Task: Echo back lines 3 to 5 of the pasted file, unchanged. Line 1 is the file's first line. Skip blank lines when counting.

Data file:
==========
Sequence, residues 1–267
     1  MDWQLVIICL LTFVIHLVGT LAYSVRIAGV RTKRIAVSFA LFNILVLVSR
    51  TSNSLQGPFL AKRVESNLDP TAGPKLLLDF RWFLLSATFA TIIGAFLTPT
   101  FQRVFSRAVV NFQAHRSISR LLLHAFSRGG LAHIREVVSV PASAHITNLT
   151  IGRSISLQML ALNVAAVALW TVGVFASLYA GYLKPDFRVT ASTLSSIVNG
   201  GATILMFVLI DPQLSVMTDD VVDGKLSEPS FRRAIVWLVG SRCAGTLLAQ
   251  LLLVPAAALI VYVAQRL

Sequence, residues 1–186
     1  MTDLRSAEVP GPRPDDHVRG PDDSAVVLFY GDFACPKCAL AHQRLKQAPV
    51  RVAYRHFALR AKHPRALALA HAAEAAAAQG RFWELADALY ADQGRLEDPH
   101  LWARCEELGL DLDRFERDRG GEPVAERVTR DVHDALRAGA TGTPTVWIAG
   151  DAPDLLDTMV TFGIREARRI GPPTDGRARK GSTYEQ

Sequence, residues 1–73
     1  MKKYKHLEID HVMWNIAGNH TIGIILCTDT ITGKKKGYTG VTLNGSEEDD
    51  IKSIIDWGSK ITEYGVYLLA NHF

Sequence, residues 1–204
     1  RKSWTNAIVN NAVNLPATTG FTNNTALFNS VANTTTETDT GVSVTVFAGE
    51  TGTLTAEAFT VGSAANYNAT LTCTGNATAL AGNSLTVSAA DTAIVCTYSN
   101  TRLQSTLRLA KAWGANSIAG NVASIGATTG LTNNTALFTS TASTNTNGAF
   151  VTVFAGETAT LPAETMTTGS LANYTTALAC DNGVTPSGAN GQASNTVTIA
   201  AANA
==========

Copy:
    51  TSNSLQGPFL AKRVESNLDP TAGPKLLLDF RWFLLSATFA TIIGAFLTPT
   101  FQRVFSRAVV NFQAHRSISR LLLHAFSRGG LAHIREVVSV PASAHITNLT
   151  IGRSISLQML ALNVAAVALW TVGVFASLYA GYLKPDFRVT ASTLSSIVNG